|Synonyms:||Viral hepatitis C, hepatitis C, type C viral hepatitis, chronic hepatitis C|
|Prevalence:||Approximately 3.5 million Americans are chronically infected 1|
|Age of onset:||All ages|
|Symptoms:||Most people are asymptomatic, but symptoms can include fatigue, nausea, loss of appetite, and yellowing of the eyes and skin|
Approximately 3.5 million Americans are chronically infected with HCV 1
Chronic HCV infection is an epidemic both worldwide and in the United States. Over time chronic HCV may lead to fibrosis, cirrhosis, advanced liver disease or hepatocellular cancer (HCC), all of which are associated with morbidity, mortality, and detrimental impact on patient quality of life (QoL). 2
Worldwide, HCV was responsible for approximately 343,000 deaths due to liver cancer and 358,000 due to cirrhosis in 2013 as well as over $6.5 billion in associated health care costs. 3 HCV is the leading reason for liver transplantation, though the virus usually recurs after transplantation. 2,4,5
Chronic HCV is 5x more prevalent in baby boomers than in any other adult age group. 7,8
Approximately 1.75 million Americans are unaware of their chronic HCV infection 1
Hepatitis C virus is the leading chronic virus infection leading to death in the United States, with over 3.5 million people with chronic infections. 1,9 However, more than half who are infected do not know it. 1 To help identify these chronically ill patients, the Centers for Disease Control (CDC), U.S. Preventive Services Task Force (USPSTF), and the American Association for the Study of Liver Diseases (AASLD) developed guidelines for screening high risk populations for HCV. 10-12
The CDC, USPSTF, and AASLD recommend the one-time screening of all baby boomers, regardless of risk factors 10-12
It’s been estimated that targeted screenings of baby boomers can identify 800,000 new cases and could prevent 120,000 deaths. 13
In addition to baby boomers, the CDC, USPSTF, and AASLD recommend screening other high-risk populations 10-12
Persons with any risk factors should be screened for HCV, even if they show no symptoms or have normal liver enzyme levels. 10,11 Patients can have HCV but have normal liver function tests (LFTs) and persistently normal Alanine transaminase (ALT) levels. 14,15 High risk populations include: 10-12
Learn more about HCV screening recommendations
For more information on screening recommendations for HCV, visit CDC.gov
Patients can be identified for HCV screening through clinical evaluation and HCV antibody testing with reflexive viral RNA test to confirm positive screening results.
- Yehia BR, Schranz AJ, Umscheid CA, et al. The treatment cascade for chronic hepatitis C virus infection in the United States: a systematic review and meta-analysis PLoS ONE. 2014;9:1–7.
- Younossi, ZM, Kanwal, F, Saab S, et al. The impact of hepatitis C burden: an evidence-based approach. Aliment Pharmacol Ther. 2014;39: 518–531.
- GBD 2013 Mortality and Causes of Death Collaborators. Global, regional, and national age-sex specific all-cause and cause-specific mortality for 240 causes of death, 1990-2013: a systematic analysis for the Global Burden of Disease Study 2013. Lancet. 2015;385:117–71.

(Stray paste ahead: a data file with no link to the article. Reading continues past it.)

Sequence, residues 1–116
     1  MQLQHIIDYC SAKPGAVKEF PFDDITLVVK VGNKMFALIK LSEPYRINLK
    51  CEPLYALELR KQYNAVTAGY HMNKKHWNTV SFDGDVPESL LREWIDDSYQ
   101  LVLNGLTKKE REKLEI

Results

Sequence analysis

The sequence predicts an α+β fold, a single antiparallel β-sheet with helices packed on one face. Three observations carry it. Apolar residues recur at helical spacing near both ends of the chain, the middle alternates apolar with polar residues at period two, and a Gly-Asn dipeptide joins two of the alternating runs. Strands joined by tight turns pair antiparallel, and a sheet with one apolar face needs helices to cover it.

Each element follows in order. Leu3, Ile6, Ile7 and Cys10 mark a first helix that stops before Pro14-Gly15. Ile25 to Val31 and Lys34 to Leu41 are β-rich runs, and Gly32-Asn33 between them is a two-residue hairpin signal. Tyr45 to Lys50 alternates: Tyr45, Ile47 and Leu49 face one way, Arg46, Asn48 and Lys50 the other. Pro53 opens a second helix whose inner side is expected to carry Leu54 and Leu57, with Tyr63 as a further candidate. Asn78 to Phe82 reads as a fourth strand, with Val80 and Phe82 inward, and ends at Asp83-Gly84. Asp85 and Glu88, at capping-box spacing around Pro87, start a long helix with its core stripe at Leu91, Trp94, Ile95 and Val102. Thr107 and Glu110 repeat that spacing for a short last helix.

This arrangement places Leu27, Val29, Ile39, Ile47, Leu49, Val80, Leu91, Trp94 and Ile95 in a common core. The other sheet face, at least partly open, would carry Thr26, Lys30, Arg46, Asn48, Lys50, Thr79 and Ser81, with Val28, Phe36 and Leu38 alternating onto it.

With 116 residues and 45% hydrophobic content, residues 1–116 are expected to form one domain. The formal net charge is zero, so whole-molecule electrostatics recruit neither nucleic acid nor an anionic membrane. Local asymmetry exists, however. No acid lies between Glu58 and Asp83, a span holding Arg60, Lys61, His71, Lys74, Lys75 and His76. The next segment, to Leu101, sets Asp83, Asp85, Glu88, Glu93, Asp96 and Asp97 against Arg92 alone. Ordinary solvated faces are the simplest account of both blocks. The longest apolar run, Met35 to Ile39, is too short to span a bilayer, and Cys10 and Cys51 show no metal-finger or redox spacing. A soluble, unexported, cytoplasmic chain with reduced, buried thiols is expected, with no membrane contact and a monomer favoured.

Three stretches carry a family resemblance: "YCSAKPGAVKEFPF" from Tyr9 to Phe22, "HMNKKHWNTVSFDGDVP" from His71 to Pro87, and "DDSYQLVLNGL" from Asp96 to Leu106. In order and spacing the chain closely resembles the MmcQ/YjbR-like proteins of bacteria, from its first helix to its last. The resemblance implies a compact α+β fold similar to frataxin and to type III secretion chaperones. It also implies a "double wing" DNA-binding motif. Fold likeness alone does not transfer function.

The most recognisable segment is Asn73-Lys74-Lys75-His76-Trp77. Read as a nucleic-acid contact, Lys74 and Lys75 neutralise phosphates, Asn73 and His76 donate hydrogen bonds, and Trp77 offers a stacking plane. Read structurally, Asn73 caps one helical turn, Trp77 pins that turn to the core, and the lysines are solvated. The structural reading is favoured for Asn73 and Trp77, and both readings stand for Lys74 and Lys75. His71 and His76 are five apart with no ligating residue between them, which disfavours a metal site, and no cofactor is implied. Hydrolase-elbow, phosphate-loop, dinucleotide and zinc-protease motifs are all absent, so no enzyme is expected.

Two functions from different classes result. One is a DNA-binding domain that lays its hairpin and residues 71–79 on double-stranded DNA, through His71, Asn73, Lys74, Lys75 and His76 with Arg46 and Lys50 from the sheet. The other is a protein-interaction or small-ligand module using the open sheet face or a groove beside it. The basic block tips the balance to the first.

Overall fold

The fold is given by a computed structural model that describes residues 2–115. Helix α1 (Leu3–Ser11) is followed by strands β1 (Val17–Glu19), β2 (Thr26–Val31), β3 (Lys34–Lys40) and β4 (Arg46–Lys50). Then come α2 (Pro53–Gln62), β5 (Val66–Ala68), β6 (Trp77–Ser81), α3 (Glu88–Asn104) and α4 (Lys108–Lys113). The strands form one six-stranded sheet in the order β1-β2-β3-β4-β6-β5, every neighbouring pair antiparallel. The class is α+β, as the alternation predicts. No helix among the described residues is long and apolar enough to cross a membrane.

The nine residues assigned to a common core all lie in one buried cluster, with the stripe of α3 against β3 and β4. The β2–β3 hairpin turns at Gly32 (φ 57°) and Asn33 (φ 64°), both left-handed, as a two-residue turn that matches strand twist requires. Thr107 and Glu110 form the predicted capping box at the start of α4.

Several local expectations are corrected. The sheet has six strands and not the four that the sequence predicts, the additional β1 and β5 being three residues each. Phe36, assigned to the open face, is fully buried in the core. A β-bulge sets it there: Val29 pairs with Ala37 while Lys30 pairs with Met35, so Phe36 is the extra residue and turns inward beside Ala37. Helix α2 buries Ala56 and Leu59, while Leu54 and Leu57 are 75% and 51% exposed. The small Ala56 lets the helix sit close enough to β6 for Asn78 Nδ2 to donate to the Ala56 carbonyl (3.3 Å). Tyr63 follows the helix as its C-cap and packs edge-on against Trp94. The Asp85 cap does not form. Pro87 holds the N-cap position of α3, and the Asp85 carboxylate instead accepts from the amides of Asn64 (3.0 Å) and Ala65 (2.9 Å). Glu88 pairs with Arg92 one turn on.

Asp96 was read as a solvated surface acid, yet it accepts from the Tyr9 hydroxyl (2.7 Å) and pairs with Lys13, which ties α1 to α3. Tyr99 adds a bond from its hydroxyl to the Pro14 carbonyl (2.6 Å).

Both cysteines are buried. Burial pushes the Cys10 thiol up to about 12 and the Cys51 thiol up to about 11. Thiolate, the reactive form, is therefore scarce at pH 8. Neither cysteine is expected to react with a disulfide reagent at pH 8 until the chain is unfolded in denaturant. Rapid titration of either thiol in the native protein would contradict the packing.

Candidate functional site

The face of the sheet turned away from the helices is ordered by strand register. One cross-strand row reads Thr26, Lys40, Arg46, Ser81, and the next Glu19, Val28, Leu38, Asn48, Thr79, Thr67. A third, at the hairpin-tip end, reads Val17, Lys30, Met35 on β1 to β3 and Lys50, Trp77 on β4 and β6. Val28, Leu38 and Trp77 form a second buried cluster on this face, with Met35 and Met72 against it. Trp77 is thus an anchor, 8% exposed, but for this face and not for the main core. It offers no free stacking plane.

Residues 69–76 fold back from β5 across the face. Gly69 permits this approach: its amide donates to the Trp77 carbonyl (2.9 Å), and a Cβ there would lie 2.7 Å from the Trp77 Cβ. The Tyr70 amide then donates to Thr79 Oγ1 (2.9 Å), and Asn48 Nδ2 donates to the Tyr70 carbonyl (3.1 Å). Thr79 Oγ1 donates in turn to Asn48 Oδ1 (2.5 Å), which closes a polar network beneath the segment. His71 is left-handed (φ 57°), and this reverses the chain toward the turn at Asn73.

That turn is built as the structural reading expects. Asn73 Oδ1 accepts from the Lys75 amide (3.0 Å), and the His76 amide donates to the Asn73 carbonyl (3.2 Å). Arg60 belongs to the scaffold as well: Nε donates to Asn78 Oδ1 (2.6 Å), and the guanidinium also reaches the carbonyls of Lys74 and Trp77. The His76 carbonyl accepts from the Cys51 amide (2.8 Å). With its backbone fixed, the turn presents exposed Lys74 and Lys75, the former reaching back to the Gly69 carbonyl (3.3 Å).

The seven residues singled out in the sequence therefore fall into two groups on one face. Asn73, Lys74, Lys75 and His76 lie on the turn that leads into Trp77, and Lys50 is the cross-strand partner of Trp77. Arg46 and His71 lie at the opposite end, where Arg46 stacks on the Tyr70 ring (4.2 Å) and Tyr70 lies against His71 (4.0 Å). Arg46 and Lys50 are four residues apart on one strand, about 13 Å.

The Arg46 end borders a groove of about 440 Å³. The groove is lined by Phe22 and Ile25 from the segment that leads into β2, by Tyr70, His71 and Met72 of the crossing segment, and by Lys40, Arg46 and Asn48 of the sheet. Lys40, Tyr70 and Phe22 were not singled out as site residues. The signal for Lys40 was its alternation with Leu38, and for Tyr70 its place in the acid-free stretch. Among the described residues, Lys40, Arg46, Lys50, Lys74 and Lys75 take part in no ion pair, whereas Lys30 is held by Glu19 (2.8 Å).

- Centers for Disease Control and Prevention. Hepatitis C: proposed expansion of testing recommendations, 2012. http://www.cdc.gov/nchhstp/newsroom/docs/HCV-TestingFactSheetNoEmbargo508.pdf. Updated May 2012. Accessed March 16, 2017.
- Davis GL, Alter MJ, El-Serag H, et al. Aging of hepatitis C virus (HCV)-infected persons in the United States: a multiple cohort model of HCV prevalence and disease progression. Gastroenterology. 2010;138:513–521.
- Centers for Disease Control and Prevention. CDC now recommends all baby boomers receive one-time hepatitis C test [press release]. http://www.cdc.gov/nchhstp/newsroom/2012/HCV-Testing-Recs-PressRelease.html. Updated December 27, 2013. Accessed March 17, 2017.
- Centers for Disease Control and Prevention. Hepatitis C: why people born from 1945-1965 should get tested. https://www.cdc.gov/knowmorehepatitis/media/pdfs/factsheet-boomers.pdf. Updated 2016. Accessed March 17, 2017.
- Armstrong GL, Wasley A, Simard EP, et al. The prevalence of hepatitis C virus infection in the United States, 1999 through 2002. Ann Intern Med. 2006;144:705–14.
- Centers for Disease Control and Prevention. Hepatitis C kills more Americans than any other infectious disease. https://www.cdc.gov/media/releases/2016/p0504-hepc-mortality.html. Updated 2016. Accessed March 17, 2017.
- Smith BD, Morgan RL, Beckett GA, et al. Recommendations for the identification of chronic hepatitis C virus infection among persons born during 1945–1965. MMWR Recomm Rep. 2012;61:1–32.
- U.S. Preventive Sercices Task Force. Hepatitis C: screening. http://www.uspreventiveservicestaskforce.org/uspstf12/hepc/hepcfinalrs.htm. Published June 25, 2013. Accessed March 17, 2017.
- American Association for the Study of liver Diseases, Infectious Diseases Society of America, and International Aids Society USA. Recommendations for testing, managing, and treating hepatitis C. http://www.hcvguidelines.org. Accessed March 17, 2017.
- Allison WE, Chiang W, Rubin A, et al. Hepatitis C virus infection in the 1945-1965 birth cohort (baby boomers) in a large urban ED. Am J Emerg Med. 2016;50:825–831.e2.
- Healey CJ, Chapman RW, Fleming KA. Liver histology in hepatitis C infection: a comparison between patients with persistently normal or abnormal transaminases. Gut. 1995;37:274–278.
- Puoti C, Guarisco R, Spilabotti L, et al. Should we treat HCV carriers with normal ALT levels? The ‘5Ws’ dilemma. J Viral Hepat. 2012;19:229–235.